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"Stuttering Stereotype"

Importantly, almost all mainstream sources describe stuttering as a neurophysiological disorder with a strong genetic component (Bloodstein & Ratner, 2008; Guitar, 2006; Manning, 2010; Yairi & Seery, 2011). Research on differences between stuttering speakers and nonstuttering controls have consistently shown that stutterers are not entirely normal in a wide range of functional abilities and genetic measures (e.g., Drayna, Kilshaw, & Kelly, 1999; Kang, Riazuddin, Mundorff, Krasnewich, Friedman, Mullikin, & Drayna, 2010; De Nil, Kroll, Lafaille, & Houle, 2003). Although social environments do not cause stuttering, they play an important role in the way stuttering is experienced, how it develops, and its effect on persons’ lives (e.g., Manning, 2010; Smith & Kelly, 1997; Yaruss & Quesal, 2004).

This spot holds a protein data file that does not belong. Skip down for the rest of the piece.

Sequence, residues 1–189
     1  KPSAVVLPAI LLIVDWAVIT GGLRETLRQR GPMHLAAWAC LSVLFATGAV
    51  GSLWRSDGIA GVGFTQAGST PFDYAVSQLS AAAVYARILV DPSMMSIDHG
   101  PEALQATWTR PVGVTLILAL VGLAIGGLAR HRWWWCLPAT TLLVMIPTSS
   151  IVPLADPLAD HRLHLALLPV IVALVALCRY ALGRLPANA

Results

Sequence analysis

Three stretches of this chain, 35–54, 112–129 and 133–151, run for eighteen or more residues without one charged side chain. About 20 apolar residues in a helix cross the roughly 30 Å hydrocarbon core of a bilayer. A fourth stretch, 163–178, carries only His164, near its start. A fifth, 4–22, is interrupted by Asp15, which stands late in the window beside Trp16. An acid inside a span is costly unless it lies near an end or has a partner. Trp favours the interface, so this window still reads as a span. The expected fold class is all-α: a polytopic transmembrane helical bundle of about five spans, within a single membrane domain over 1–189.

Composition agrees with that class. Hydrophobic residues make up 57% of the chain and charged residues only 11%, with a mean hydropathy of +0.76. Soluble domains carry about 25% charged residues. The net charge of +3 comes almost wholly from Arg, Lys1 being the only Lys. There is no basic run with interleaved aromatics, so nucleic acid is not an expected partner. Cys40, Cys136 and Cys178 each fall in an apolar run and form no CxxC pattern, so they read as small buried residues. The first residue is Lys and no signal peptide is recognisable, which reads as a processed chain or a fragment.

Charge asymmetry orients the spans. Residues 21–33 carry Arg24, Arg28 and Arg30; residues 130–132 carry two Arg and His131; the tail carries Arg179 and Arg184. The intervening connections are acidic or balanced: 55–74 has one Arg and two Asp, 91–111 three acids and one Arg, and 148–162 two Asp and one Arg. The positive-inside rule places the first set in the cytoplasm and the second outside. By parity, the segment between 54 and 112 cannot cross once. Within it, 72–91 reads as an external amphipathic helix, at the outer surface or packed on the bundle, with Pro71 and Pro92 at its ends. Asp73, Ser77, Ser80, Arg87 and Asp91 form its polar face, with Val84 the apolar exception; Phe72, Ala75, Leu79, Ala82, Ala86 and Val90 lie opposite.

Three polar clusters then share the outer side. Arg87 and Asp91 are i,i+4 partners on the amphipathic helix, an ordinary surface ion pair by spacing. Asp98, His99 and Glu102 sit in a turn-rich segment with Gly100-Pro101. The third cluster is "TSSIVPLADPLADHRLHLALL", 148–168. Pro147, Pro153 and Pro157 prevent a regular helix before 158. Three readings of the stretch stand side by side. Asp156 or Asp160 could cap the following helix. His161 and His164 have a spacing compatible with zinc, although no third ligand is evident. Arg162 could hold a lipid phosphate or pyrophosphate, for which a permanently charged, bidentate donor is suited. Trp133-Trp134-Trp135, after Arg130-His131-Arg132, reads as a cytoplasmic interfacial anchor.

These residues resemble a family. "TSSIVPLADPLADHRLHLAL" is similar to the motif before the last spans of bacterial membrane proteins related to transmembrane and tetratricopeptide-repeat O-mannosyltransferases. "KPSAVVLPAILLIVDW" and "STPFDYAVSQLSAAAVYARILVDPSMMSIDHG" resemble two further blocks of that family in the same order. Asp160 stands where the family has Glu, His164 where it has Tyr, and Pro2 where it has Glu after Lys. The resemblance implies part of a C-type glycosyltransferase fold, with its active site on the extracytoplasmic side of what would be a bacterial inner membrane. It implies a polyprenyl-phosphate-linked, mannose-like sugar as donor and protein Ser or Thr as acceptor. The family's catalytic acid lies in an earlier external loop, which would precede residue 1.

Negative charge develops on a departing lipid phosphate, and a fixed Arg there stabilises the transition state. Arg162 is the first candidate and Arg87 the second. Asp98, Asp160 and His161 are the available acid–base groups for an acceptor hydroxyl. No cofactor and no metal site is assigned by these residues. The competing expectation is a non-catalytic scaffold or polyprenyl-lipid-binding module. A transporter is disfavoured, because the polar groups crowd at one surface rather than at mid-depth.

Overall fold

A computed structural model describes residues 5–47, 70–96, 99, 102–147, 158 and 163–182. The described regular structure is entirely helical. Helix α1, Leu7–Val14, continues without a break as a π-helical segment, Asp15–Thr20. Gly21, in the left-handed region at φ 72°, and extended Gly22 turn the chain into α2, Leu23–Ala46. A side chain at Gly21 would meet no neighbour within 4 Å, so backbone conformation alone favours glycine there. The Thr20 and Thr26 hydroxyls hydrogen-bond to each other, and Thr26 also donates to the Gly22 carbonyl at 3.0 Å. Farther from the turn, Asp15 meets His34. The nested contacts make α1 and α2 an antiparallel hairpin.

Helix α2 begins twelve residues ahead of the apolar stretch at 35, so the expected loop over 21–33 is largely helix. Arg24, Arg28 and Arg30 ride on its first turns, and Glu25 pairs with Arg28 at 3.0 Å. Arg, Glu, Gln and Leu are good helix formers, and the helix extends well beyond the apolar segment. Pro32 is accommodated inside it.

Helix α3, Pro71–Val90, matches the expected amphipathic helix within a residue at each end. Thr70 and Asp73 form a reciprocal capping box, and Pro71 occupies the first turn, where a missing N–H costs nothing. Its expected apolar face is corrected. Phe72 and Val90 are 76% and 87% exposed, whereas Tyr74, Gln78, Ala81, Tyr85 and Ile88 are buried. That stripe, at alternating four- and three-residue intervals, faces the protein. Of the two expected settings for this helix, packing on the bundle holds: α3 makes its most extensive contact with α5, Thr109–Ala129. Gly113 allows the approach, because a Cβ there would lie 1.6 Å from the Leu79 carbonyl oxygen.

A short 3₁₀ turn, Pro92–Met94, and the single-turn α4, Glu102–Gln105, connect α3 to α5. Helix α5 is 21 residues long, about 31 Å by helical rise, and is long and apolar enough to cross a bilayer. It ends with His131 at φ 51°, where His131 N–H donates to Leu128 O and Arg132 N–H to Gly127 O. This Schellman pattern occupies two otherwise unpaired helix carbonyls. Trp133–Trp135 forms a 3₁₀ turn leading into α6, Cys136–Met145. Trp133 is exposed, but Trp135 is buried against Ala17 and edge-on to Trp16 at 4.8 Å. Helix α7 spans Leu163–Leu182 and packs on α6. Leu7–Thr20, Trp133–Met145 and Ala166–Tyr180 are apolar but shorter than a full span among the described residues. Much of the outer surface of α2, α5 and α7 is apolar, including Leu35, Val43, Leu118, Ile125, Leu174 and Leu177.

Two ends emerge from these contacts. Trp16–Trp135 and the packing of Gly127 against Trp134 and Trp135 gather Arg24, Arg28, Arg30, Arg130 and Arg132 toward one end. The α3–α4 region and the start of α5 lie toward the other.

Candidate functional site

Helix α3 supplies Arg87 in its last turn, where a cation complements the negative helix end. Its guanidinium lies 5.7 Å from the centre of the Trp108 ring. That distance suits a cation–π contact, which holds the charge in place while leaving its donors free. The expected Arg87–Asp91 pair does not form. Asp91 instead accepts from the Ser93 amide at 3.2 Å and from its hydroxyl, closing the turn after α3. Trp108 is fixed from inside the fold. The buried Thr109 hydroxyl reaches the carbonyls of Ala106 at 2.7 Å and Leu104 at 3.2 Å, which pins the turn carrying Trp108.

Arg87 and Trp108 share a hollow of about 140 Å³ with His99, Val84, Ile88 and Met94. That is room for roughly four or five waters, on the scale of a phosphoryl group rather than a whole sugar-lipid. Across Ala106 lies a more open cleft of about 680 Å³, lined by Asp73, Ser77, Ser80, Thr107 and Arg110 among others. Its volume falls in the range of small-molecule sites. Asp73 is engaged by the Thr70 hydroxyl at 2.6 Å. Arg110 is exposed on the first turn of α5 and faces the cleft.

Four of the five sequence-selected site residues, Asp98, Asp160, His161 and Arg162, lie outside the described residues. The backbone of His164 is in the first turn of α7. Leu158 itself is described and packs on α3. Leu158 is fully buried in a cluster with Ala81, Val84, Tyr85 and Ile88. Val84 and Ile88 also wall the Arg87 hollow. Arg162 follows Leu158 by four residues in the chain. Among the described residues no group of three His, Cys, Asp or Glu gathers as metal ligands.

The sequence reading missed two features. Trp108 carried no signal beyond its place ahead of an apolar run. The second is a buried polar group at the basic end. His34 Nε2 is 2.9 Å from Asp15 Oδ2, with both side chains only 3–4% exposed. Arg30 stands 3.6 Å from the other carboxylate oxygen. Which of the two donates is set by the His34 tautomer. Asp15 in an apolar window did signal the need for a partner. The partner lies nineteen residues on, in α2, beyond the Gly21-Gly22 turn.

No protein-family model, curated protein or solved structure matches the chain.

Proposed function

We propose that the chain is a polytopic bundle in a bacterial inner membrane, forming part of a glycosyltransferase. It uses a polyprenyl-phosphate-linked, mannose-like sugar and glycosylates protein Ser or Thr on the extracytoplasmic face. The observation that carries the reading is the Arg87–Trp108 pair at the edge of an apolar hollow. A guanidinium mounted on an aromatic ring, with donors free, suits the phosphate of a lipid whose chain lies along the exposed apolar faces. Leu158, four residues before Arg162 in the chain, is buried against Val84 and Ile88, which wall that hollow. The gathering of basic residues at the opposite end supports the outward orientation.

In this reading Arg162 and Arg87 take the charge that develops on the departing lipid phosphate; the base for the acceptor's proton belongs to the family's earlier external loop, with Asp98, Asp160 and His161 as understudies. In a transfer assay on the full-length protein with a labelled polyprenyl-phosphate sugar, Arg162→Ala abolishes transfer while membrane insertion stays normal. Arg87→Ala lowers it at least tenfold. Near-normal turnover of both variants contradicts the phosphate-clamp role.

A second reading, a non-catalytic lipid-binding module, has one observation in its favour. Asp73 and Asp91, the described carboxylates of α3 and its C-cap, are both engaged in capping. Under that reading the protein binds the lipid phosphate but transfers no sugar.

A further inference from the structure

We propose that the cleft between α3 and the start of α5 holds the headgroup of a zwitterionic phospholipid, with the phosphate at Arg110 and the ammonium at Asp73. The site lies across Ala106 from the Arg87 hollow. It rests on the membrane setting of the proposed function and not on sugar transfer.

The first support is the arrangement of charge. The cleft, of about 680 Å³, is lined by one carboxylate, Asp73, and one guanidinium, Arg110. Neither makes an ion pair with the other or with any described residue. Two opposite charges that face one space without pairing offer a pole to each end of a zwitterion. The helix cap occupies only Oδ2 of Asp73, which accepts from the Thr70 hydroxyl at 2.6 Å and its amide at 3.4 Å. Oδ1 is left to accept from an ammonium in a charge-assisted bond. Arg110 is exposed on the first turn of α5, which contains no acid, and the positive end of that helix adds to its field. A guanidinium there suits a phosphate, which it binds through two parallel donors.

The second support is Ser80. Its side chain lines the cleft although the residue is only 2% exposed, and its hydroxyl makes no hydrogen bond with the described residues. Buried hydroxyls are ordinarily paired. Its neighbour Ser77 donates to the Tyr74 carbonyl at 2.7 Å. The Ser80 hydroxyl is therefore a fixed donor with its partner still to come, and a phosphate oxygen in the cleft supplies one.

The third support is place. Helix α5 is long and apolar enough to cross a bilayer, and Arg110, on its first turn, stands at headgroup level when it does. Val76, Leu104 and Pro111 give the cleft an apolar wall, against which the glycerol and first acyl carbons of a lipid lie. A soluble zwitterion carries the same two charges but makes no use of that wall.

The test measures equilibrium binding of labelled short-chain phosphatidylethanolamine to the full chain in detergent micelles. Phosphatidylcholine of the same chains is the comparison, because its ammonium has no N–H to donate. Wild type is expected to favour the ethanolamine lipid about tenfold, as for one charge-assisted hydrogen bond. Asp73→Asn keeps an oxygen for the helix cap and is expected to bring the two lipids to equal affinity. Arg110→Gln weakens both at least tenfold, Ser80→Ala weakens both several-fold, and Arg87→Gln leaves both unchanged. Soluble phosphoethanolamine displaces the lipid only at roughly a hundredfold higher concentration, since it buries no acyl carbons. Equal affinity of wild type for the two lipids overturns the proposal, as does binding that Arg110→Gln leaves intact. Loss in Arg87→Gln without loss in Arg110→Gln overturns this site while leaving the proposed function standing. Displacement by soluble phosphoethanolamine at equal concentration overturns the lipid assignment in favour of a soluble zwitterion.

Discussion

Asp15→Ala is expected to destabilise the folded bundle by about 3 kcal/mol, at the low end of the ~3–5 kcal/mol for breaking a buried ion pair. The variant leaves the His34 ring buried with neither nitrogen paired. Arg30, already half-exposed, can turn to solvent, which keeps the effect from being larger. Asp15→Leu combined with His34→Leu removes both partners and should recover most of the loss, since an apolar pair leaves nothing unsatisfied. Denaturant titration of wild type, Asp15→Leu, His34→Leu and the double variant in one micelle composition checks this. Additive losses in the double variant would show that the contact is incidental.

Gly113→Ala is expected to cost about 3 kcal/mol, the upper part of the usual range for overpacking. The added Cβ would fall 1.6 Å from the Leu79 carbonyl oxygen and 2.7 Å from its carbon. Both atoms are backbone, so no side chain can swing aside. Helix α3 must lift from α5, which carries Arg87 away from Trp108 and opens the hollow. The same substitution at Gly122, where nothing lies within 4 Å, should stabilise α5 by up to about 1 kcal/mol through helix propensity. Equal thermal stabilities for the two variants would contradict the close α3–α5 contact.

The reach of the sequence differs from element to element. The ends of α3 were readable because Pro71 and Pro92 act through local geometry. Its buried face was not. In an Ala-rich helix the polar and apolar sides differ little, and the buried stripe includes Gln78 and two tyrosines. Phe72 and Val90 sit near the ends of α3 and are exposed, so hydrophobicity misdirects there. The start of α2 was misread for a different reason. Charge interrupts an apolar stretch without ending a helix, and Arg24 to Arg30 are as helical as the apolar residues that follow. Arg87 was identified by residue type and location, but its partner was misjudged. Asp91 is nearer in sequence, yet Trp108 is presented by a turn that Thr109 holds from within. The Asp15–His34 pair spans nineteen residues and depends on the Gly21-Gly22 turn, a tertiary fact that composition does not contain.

Stigma in stuttering has been widely considered within the context of a “stuttering stereotype” (Blood, 1999; Boyle, Blood, & Blood, 2009; Cooper & Cooper, 1985; Ham, 1990; Reingold & Krishnan, 2002). It refers to the belief that stuttering reflects a psychological problem and that people who stutter are nervous, shy, anxious, reserved, introverted, and suffer from a psychologically-based problem. Research has shown that the stereotype has been shown to change or vary according to specific variables. For example, when stuttering persons are acquainted personally with respondents, many of these stereotypical beliefs diminish (Klassen, 2002). In addition, when the cause of stuttering is indicated to be genetic—rather than the widely assumed psychological etiology—negative stereotypes are reduced (Boyle, Blood, & Blood, 2009).